Urban Schools: What’s Next
By William DeJong (05/23/2012)

Urban school facilities can be very challenging because they have undergone extensive change during the last 60 years. It began in the 1950s when urban school districts and first-ring suburbs experienced major growth. This was followed by the impact of desegregation in the 1960s and a rapid decline in enrollment in the 1970s related to lower birthrates and migration to the suburbs. To add to the challenges, urban school facilities were neglected due to lack of resources in the 1980s and 1990s.

Fortunately, there was renewed interest in urban school facilities in the late 1990s and the first decade of the 21st century. However, monetary resources are not keeping up, so facilities have suffered again. A lack of cohesive federal and state policies to address schools and cities adds to the problem. This has resulted in less than desirable results compared to other cities in developed counties.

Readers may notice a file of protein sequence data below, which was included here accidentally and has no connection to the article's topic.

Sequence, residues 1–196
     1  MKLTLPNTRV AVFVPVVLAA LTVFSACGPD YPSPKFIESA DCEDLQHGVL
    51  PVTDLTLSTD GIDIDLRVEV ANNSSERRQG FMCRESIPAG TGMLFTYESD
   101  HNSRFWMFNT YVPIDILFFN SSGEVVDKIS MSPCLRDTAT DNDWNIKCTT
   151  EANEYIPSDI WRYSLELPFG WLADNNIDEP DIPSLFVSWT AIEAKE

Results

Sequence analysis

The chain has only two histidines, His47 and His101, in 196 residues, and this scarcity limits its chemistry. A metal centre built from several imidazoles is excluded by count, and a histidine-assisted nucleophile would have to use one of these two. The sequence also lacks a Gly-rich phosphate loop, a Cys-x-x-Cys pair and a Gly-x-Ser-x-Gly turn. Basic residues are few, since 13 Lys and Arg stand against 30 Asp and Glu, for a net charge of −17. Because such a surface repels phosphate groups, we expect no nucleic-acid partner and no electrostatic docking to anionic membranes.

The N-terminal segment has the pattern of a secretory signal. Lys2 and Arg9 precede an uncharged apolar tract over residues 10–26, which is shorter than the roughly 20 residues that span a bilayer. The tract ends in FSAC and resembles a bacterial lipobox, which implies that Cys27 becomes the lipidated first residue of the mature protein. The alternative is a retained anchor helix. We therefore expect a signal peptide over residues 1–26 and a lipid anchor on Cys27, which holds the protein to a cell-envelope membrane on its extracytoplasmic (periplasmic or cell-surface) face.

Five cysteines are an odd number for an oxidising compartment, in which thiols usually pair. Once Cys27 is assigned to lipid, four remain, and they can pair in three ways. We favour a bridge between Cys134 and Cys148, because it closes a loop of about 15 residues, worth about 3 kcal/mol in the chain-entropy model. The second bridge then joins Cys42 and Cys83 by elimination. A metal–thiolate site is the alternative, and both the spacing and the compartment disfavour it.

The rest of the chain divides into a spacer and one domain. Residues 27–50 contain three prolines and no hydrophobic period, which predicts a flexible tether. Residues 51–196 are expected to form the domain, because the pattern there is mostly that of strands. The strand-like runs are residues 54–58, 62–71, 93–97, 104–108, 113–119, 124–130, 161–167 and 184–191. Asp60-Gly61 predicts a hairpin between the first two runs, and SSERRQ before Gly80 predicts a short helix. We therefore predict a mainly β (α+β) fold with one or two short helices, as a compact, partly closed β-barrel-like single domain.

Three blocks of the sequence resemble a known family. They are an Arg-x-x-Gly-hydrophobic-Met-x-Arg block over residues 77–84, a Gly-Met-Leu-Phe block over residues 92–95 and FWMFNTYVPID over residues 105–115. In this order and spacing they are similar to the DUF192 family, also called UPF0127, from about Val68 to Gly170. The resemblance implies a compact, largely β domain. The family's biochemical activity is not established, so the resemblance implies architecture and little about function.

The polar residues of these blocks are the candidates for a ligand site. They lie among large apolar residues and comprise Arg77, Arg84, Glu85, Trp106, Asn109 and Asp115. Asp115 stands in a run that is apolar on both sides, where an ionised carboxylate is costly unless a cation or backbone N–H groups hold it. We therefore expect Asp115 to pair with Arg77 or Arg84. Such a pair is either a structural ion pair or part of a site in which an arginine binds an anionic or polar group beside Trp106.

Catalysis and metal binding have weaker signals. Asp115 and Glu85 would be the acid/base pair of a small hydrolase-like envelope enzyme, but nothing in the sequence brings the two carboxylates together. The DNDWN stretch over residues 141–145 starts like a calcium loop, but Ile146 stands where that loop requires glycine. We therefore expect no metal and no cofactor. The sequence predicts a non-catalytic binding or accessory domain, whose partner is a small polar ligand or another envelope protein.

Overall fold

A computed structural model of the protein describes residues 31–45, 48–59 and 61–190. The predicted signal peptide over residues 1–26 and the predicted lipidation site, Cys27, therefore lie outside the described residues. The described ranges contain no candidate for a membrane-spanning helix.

Today there is a potpourri of “public” schools operating within urban school districts, including typical PK-12 neighborhood schools; magnet, thematic and choice schools; and a wide variety of charter schools that are operated by the school district or independently. This fragmented scenario creates new challenges and opportunities for facility planners and the facilities divisions in urban public school systems.

Fifteen years ago, while teaching in Harvard’s Executive Education Program, I shared with participants that I felt urban school districts would eventually become a loose-knit confederation of independent schools. This arrangement would significantly change the approach to public education and decrease the bureaucracy in school districts because each school would implement its own school board and decision-making process.